Katie Ryder with her grandmother Lona Kewley
We would like to hear from both experienced and expecting parents about the wonderful support they have received from friends, family, and health care professionals. We spend a great deal of time helping parents cope with negative or stinging comments, mainly because we do not have built-in coping mechanisms for those unexpected events. Sometimes when in the stress of pregnancy post-diagnosis, a negative comment can send us reeling, and may actually drown out the many positive comments we hear.
However, there are extraordinary people out there. People who rise to the occasion and give a piece of themselves to give genuine, loving support. Focusing on their words and their actions, their support can help build our confidence and reinforce the knowledge that the world is a welcoming place for our children.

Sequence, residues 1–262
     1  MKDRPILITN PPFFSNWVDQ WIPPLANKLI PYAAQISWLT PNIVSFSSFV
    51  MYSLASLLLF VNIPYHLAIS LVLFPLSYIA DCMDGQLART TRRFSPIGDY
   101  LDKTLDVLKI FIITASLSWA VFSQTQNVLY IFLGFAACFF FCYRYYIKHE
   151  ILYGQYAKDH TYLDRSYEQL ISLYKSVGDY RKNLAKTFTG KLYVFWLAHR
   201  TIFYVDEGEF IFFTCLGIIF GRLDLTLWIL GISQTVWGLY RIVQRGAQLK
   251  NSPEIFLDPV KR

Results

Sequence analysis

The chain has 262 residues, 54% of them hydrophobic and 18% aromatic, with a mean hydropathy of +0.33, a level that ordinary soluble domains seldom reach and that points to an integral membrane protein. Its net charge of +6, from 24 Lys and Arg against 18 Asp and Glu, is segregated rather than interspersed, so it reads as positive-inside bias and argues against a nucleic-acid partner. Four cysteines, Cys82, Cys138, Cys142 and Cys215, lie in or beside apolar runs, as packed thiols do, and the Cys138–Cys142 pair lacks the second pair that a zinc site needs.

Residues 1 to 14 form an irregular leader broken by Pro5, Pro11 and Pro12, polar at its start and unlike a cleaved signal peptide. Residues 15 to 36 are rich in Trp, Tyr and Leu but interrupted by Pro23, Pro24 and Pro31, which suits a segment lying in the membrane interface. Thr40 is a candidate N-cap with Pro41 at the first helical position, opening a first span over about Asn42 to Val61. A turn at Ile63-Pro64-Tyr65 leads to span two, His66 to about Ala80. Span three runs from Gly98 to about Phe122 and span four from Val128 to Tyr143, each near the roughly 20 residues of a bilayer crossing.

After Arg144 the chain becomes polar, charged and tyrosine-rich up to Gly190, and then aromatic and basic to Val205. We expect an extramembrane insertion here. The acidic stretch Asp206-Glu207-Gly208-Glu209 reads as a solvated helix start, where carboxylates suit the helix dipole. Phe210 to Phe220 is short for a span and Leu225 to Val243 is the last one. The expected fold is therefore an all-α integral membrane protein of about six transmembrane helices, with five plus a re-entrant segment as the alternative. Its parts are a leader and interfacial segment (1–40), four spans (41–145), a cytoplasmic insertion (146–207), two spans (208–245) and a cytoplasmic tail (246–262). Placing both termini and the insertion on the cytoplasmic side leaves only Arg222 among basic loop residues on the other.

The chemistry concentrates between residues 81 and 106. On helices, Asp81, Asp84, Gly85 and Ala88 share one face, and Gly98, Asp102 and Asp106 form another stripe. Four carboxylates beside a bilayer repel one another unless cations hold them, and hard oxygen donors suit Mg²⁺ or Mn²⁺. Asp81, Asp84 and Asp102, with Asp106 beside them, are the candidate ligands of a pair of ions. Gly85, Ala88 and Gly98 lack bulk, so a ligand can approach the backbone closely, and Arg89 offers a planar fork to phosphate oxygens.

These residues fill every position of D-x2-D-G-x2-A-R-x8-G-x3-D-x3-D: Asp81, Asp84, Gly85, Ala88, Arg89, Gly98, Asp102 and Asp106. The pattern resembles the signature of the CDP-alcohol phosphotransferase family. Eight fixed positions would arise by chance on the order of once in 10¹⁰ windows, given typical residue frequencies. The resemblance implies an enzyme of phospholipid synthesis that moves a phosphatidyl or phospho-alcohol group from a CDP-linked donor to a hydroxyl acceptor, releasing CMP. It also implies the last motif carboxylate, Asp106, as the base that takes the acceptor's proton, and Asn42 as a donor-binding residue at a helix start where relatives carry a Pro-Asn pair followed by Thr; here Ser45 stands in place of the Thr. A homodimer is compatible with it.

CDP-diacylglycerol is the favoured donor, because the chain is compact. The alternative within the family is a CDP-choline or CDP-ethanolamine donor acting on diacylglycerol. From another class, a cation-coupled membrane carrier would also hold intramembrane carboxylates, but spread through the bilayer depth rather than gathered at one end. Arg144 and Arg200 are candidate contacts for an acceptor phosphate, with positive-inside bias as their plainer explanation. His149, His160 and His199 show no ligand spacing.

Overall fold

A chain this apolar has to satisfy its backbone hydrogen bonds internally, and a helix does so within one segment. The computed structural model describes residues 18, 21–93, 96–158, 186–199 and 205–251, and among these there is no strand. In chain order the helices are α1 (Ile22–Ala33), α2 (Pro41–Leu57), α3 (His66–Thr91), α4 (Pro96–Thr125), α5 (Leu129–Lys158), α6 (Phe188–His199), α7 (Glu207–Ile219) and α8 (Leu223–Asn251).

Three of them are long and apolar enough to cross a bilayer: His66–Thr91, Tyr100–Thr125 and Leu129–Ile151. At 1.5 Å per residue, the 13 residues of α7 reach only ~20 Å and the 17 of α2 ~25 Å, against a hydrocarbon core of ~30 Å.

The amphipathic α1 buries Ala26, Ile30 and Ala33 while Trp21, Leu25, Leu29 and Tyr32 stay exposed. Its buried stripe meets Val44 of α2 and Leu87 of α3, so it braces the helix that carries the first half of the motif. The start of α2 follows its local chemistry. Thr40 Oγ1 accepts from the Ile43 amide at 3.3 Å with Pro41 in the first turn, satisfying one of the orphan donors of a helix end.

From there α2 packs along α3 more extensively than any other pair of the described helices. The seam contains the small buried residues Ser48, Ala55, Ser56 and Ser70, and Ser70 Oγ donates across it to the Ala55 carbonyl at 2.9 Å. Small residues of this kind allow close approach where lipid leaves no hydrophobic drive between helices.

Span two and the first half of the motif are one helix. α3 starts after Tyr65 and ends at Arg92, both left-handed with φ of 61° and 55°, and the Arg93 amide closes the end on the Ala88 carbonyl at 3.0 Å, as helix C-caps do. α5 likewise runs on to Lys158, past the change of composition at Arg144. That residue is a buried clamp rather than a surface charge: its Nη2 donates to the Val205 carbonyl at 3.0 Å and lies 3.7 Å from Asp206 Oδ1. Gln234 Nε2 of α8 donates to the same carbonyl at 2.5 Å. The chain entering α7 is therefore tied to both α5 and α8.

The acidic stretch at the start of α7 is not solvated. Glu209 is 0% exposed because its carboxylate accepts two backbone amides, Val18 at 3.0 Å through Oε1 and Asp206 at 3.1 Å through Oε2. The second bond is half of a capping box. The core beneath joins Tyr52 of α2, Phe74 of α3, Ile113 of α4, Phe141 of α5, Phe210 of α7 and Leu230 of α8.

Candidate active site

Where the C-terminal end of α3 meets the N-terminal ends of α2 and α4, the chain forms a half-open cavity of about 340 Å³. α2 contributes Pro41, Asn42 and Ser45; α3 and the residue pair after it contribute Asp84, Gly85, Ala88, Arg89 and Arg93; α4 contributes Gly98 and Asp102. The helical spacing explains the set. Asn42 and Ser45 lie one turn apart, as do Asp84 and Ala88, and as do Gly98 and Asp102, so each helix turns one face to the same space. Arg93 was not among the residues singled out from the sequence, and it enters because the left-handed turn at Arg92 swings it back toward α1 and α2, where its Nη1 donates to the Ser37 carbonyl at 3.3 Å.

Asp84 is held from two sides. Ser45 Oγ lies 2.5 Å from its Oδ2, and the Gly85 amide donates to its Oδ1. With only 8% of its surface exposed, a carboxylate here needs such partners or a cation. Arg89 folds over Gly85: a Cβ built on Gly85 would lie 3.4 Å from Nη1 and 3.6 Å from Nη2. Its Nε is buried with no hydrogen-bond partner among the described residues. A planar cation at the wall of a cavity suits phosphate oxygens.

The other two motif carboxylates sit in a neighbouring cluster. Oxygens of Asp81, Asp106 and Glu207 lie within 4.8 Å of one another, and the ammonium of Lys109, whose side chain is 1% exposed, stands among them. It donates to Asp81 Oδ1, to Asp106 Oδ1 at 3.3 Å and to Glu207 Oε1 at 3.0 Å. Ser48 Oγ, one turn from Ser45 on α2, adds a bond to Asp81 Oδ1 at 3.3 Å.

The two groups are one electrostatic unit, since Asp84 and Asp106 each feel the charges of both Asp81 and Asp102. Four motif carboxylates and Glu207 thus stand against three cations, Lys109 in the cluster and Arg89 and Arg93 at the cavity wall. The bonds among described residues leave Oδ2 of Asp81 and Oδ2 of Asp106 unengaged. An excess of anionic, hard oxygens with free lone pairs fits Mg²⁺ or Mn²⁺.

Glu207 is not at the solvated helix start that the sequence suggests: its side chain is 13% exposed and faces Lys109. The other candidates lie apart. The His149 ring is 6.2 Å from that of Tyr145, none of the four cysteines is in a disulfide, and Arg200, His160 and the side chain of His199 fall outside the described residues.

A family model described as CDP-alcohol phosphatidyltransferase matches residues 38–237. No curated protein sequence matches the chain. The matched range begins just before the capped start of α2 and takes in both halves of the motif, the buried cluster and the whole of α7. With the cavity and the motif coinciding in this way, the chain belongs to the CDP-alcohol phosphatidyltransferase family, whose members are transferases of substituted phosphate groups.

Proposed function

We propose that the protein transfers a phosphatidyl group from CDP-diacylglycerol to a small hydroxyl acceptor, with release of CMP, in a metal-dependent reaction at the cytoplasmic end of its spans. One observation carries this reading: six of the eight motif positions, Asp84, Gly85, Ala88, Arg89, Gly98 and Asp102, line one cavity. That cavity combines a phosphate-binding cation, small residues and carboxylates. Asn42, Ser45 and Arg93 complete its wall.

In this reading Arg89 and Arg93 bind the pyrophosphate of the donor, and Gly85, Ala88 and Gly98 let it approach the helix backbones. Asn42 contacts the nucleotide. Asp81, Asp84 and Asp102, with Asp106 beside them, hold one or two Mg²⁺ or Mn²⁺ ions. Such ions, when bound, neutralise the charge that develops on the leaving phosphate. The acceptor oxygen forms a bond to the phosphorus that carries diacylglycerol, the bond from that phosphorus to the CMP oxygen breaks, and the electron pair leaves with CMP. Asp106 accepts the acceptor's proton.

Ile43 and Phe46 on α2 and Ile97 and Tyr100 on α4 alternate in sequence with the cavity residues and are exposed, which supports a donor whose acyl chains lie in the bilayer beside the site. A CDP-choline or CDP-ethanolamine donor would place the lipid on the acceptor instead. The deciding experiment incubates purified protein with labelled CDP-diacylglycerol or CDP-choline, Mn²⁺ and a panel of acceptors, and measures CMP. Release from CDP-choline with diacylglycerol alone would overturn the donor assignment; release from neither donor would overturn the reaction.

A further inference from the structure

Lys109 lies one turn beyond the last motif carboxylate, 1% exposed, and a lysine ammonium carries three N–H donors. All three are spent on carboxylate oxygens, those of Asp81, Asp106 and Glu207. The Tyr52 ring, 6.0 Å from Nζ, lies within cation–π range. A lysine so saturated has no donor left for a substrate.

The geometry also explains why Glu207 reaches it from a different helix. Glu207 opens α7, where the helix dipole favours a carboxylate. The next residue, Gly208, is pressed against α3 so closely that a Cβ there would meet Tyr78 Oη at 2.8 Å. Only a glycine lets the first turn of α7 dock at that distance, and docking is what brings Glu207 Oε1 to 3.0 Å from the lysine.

Sometimes that support comes from friends and loved ones who dive in to learn more about Down syndrome and the available resources so that they understand our children a little better and how to help them achieve their potential. Other times that support comes in the form of friends visiting the hospital and bringing blankets, stuffed animals, and candy to the Newborn Intensive Care Unit. That support can also include comments that welcome our children into the world, like the nurse who says “Congratulations! You’re baby is precious,” or comments that shape our understanding about disability, like a friend who shares, “My cousin has Down syndrome, and she’s an important part of our family. We love her.”
Please share in our comments the words, actions, or attitudes of those around you who gave the best of themselves and in turn helped you cope or look forward to a bright future. If you are on Facebook, you might also want to post your comment to your Facebook status and link to this blog post. Or post a thank you (sample linked below) in your Facebook status.
Booklet for Friends and Relatives: HERE
Sample thank you letter to the person you appreciate: HERE
(Note: We recognize that some things that bring comfort to some people may not help others because of the diversity of the personalities and beliefs of our expectant parents. For general guidelines, see our Relatives booklet linked above. Supporters should tailor their comments and support to match what they know about the personalities of the expectant parents.)